My dad asked me the other day what SEO was (and to be clear, he didn’t use the term “SEO,” it was more of a “What do you mean I should get my company page ranking up?  What the heck does that mean??).  I then proceeded to (try to) explain the basic concept of SEO to him.

I thought the dumbed down version of it might be helpful.  It’s on the shorter side, because my dad’s needs for his company website don’t extend much further than that.  I would love for people to add their own versions or additions to other aspects of SEO if they want to.

So here it is:

“Dad.  Let’s say someone searches for your company online.  You’ll pop up (hopefully!) on the first entry.  Great, but how many people do you think are going to find you using your company name?  Those people will probably already know you and what you do.  But what if someone was looking for a product that you produce, let’s say tracer wire.  They’re going to type in “tracer wire.”  So what search engine optimization does is it makes it so your company ideally pops up on the first page, if not one of the first few entries. Most people don’t look past the first page of what a search engine gets for you, so you need to be right there, and in their face.”

“How do you do that Katie [he calls me Katie]?”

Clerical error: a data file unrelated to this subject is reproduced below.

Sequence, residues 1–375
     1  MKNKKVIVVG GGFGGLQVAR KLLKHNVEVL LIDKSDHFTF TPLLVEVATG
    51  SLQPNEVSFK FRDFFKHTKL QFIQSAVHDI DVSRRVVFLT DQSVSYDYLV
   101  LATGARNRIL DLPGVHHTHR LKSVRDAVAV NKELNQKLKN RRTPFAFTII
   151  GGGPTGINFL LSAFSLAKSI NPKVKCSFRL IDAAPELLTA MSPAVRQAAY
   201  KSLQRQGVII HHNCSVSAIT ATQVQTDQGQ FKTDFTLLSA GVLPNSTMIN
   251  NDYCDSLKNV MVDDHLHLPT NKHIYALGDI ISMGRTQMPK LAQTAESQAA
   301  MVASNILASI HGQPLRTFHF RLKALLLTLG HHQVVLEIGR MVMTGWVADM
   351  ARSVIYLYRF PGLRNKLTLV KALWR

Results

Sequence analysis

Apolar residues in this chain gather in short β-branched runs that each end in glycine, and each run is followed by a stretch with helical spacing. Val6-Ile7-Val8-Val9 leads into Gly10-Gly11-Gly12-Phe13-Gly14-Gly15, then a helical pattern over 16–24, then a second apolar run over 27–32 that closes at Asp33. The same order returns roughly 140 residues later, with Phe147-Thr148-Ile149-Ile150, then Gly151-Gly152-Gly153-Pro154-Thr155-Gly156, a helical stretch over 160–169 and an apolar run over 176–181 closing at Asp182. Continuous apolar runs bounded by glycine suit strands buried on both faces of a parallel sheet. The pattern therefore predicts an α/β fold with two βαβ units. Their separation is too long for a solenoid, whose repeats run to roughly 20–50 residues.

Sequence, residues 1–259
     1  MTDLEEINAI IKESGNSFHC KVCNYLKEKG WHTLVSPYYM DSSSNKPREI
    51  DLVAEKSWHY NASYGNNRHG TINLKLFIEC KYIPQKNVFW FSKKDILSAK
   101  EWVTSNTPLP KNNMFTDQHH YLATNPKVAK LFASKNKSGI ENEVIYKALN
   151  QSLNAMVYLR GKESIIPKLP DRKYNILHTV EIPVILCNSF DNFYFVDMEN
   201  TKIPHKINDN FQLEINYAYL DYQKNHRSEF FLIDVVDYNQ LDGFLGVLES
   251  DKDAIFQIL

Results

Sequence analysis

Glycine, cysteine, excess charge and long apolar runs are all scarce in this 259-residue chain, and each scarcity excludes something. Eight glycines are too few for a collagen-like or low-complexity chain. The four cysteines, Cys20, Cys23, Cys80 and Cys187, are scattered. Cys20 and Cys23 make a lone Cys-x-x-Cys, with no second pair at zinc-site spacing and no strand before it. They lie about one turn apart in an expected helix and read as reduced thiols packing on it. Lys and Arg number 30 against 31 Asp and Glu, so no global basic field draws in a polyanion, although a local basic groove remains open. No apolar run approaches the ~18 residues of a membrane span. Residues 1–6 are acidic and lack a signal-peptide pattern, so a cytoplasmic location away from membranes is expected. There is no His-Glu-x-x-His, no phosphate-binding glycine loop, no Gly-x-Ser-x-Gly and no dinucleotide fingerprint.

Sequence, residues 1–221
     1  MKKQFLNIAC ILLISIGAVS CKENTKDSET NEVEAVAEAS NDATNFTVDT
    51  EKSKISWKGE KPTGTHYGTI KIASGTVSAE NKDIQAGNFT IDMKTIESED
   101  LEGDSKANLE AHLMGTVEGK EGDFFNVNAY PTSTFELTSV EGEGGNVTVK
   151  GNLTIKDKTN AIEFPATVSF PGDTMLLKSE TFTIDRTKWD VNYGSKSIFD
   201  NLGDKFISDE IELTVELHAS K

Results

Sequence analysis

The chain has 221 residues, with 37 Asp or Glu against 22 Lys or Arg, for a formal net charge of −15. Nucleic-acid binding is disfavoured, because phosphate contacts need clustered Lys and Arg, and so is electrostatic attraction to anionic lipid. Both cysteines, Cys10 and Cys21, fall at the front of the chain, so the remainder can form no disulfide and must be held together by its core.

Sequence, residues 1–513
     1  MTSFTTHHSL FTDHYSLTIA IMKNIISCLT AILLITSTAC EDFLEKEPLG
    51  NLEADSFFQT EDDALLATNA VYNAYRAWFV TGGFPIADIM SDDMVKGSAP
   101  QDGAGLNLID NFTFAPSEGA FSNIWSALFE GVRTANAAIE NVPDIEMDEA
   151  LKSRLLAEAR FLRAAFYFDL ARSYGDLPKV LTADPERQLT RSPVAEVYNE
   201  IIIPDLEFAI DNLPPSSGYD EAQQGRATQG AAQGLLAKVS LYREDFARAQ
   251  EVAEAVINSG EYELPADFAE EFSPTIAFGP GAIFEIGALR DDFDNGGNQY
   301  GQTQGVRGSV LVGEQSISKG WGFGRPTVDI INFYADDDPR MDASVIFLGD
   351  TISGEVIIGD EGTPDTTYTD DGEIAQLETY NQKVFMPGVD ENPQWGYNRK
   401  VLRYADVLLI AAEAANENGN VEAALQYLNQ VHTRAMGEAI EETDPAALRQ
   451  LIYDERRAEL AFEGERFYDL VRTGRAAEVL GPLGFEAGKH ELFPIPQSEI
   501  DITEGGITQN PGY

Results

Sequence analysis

“Well, an example of what you could do is to “tag” your website, which means you associate it with key words that you think likely customers might search for.  For instance, you tag your company with “copper wire” and there’s at least a potential that you’ll pop up at the beginning of their search.

“The idea is to make your tags a good mix between both broad and narrow terms so that you remain competitive.  There are a lot of firms that might be in the “copper wire” industry, and you may get lost somewhere in the mix of so many firms.  But there are fewer firms in the cooper wire industry that make “tracer wire”.

“Another way you can give your website some juice is by linking out, or putting links on your sites to other sites.  The search engines are like little worms with many heads, and the more pathways you offer them to your site, the easier and more often they can get to you. ***[Sidenote: this worm analogy could be gross, I'll have to come up with something better for future explanations, but, oddly, it's what popped into my head at the time.... please offer your suggestions below for other analogies]*** And the more times they get to you, the closer to the top of search results you will be.

“For the same reason, it also helps to have other websites that contain links to your website.  Good opportunties might be if you work with partners that could put a link to you on their sites, or if you’re a member of an association that features member sites.  Things like that.” ***[Sidenote: as you may have gathered, my dad is not in an industry where blogging/commenting/social media is used at present, and also note, he doesn’t know how to use a computer, so there’s no chance that he will be leaving comments and his website information on any blogs, but this is another way to go about this).